PHP Constants

title: Constants


Constants are a type of variable in PHP. The define() function to set a constant takes three arguments – the key name, the key’s value, and a Boolean (true or false) which determines whether the key’s name is case-insensitive (false by default). A constant’s value cannot be altered once it is set. It is used for values which rarely change (for example a database password OR api key).


It is important to know that unlike variables, constants ALWAYS have a global scope and can be accessed from any function in the script.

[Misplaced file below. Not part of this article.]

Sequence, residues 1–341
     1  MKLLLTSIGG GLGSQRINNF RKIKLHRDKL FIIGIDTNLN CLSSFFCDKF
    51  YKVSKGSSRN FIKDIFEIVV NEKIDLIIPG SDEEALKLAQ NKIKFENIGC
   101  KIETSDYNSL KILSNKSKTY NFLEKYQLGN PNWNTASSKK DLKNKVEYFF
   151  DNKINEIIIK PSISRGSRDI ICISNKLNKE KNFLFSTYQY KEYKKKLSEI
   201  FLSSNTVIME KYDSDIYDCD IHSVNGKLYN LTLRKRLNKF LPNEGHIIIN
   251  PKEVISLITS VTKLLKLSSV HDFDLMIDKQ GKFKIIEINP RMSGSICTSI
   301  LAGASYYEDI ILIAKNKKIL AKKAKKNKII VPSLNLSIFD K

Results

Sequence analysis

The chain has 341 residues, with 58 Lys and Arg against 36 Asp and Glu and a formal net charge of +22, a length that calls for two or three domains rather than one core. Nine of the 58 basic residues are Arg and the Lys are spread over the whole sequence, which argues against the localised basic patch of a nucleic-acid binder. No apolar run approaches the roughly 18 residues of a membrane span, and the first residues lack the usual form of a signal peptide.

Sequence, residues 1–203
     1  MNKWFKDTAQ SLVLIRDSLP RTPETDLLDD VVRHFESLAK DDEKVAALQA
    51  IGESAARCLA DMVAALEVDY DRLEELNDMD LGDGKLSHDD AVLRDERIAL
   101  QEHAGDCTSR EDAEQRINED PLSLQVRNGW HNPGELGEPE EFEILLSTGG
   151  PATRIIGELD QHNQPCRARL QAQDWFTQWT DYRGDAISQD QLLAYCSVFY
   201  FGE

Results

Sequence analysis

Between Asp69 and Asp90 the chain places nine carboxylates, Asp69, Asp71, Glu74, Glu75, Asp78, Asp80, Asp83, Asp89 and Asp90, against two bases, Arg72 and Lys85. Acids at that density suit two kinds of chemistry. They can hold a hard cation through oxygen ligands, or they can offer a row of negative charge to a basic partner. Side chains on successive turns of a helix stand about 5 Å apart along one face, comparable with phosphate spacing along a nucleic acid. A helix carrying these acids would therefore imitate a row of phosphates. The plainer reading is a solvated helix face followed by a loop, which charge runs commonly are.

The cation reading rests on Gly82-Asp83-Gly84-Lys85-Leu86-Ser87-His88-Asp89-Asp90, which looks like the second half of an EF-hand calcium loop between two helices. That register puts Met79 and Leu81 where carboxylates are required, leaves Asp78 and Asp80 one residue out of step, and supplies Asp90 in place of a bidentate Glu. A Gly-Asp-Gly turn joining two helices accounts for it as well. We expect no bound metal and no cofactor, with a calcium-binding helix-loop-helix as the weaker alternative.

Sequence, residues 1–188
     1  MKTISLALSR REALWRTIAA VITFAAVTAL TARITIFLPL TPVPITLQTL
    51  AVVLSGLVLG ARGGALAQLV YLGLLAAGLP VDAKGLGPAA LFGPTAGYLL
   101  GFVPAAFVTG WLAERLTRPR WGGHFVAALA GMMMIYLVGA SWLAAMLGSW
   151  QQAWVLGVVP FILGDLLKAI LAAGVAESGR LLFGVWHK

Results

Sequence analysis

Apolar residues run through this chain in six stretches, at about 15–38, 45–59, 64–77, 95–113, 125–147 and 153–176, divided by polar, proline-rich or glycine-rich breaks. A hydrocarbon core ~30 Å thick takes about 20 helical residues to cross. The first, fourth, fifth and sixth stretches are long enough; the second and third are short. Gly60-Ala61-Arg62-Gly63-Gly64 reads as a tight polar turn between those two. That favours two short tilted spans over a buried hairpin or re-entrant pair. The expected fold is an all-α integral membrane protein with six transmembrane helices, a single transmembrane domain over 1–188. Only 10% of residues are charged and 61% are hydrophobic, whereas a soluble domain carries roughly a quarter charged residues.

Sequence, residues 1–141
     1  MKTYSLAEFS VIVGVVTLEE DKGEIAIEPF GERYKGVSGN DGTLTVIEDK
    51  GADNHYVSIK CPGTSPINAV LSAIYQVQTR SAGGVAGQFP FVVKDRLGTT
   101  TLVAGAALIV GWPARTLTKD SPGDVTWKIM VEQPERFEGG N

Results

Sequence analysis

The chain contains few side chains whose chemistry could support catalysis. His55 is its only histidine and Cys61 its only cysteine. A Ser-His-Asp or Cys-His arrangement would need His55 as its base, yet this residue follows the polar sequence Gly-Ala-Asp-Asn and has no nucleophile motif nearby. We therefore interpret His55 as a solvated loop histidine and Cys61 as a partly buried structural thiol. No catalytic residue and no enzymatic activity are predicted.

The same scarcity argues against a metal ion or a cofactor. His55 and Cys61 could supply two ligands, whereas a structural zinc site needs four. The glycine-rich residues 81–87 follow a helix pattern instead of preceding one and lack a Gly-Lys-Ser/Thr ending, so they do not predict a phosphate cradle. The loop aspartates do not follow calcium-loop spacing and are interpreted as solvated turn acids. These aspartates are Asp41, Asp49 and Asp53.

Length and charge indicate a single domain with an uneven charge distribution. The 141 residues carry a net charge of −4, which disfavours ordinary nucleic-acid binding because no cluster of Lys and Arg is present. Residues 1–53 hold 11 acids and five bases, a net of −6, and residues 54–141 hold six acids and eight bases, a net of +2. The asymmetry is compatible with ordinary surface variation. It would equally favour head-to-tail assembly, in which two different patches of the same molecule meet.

<?php define("Codevarsity", "Learn to code and help nonprofits", false); echo Codevarsity;


Learn to code and help nonprofits

Also, when you are creating classes, you can declare your own constants.

class Human { const TYPE_MALE = 'm'; const TYPE_FEMALE = 'f'; const TYPE_UNKNOWN = 'u'; // When user didn't select his gender ............. }

Note: If you want to use those constants inside the Human class, you can refer them as self::CONSTANT_NAME. If you want to use them outside the class, you need to refer them as Human::CONSTANT_NAME.

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